On April 19, 2010, about 1600 Pacific daylight time, a Cessna T206H, N6045C, had the nose gear collapse during a runway excursion at Fullerton Municipal Airport, Fullerton, California. The Orange County Sheriff’s Department was operating the airplane under the provisions of 14 Code of Federal Regulations (CFR) Part 91. The certificated commercial pilot and one passenger were not injured; the airplane sustained substantial damage to the firewall by impact forces. The local public-use flight departed Fullerton about 1240. Visual meteorological conditions prevailed, and no flight plan had been filed.

The pilot was landing on runway 24; the air traffic control tower (ATCT) reported that the winds were 220 degrees at 6 knots. The pilot reported that he encountered light to moderate turbulence during the approach. The airspeed was 69 knots as the airplane crossed over the airport fence on short final. As he began to level off over the runway, he encountered wind shear. The airplane rose rapidly, and then fell abruptly. The left main wheel hit hard on the runway. The pilot stated that a left crosswind picked up the left wing, and the airplane veered to the left. He corrected with left aileron and right rudder, but was unable to prevent the airplane from skidding off the left side of the runway and into the dirt. The left main landing gear struck a taxiway/runway sign. The nose gear collapsed, and the propeller contacted the ground.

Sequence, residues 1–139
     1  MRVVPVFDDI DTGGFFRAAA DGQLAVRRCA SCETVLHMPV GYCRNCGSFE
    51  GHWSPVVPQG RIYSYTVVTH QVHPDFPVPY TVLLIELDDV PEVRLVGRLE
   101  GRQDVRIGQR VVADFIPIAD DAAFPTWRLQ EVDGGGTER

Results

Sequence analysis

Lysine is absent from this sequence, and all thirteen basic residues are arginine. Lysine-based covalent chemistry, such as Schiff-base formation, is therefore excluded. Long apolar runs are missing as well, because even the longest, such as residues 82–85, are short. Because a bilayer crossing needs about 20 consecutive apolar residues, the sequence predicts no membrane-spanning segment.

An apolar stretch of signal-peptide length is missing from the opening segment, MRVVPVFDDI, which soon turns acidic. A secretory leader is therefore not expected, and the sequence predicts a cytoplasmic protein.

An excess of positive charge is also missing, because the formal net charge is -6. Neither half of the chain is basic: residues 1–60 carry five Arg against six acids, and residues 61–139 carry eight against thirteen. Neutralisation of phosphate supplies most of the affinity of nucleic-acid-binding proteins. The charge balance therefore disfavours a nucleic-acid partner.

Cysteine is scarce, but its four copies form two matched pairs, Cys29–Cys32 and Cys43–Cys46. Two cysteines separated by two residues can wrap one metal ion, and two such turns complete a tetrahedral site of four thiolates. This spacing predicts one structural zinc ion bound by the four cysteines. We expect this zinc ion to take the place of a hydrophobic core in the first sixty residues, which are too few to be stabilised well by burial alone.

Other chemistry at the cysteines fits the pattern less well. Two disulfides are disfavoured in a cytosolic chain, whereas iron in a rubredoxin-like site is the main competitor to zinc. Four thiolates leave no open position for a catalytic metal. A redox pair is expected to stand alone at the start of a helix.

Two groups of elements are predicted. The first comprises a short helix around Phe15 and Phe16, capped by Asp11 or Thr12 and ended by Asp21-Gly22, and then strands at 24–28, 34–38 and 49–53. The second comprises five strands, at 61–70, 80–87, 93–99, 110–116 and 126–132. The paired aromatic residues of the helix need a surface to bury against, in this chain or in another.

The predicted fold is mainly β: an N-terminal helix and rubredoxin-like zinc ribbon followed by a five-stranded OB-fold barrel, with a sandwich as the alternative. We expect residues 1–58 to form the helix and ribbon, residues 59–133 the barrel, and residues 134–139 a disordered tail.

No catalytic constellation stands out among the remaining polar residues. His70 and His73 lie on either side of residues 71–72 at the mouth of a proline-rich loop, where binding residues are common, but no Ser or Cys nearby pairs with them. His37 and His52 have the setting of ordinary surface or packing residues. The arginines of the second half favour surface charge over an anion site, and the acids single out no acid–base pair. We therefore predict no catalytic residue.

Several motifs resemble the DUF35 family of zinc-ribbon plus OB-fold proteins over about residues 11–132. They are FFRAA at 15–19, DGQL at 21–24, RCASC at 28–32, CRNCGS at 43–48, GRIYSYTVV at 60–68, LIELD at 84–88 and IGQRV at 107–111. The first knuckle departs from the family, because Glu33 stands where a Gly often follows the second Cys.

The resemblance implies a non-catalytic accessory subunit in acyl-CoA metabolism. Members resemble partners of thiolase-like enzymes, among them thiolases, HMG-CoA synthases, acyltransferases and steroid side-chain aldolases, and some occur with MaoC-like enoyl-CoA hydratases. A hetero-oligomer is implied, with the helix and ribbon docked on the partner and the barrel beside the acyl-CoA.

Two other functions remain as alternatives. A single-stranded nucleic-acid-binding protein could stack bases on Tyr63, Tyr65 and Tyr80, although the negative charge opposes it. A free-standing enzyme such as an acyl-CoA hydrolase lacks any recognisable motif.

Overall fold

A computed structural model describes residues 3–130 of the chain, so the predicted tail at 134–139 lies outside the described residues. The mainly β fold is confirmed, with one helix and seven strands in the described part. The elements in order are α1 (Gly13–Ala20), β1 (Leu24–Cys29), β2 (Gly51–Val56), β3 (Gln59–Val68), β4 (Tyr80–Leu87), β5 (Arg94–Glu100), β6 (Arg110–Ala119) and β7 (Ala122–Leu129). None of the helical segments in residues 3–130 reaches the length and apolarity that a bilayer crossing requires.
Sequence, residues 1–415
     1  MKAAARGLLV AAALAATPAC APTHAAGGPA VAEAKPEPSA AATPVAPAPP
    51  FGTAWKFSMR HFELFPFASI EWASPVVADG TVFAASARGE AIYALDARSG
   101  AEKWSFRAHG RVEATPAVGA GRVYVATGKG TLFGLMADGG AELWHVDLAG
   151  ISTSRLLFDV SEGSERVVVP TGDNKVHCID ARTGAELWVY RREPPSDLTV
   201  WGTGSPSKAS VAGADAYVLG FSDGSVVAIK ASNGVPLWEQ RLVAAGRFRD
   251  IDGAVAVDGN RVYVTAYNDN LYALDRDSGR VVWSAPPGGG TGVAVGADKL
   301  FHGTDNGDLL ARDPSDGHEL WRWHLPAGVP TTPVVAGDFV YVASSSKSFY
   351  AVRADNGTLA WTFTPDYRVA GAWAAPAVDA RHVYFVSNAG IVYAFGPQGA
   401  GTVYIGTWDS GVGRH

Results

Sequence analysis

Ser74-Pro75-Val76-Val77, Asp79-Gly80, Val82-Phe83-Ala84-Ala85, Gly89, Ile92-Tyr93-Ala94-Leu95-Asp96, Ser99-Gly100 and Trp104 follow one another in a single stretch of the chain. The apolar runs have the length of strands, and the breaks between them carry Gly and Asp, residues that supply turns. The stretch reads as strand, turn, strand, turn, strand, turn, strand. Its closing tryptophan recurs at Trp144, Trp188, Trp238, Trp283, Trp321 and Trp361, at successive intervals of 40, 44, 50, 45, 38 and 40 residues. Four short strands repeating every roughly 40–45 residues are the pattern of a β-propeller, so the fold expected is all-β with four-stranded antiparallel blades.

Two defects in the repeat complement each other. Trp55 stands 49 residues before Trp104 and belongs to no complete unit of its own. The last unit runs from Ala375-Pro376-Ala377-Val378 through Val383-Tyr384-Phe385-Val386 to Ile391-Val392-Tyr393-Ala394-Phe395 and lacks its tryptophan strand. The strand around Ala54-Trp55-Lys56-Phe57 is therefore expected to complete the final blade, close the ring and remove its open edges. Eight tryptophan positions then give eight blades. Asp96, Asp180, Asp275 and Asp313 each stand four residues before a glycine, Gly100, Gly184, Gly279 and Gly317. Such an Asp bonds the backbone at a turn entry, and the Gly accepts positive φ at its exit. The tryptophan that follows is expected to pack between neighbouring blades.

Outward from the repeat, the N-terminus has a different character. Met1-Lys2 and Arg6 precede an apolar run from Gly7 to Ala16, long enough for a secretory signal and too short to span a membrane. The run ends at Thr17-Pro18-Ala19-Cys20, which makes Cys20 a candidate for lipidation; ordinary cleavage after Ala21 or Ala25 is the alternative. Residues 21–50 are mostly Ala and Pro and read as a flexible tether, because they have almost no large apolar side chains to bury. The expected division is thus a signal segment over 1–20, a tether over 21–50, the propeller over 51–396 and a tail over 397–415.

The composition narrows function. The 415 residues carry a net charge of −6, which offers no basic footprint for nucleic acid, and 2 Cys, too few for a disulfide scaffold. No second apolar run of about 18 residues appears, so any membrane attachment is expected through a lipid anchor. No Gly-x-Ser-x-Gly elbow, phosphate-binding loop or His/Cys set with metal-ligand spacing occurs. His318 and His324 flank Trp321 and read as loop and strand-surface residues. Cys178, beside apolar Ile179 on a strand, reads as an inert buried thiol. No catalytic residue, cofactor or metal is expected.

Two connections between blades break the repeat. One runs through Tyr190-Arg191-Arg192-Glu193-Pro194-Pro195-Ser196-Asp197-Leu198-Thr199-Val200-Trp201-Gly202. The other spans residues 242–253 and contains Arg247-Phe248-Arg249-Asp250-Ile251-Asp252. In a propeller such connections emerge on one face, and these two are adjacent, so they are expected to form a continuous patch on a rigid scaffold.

The pilot stated that the ATCT informed him that his left brake may have locked up. He indicated that he did not apply any left brake during the landing, and was unsure if the brake malfunctioned after the hard impact on the runway.

Two Federal Aviation Administration inspectors stated that during a post accident examination they did not see any evidence of the left brake locking up. They provided a picture of two parallel skid marks of similar size that led off the runway into the dirt.

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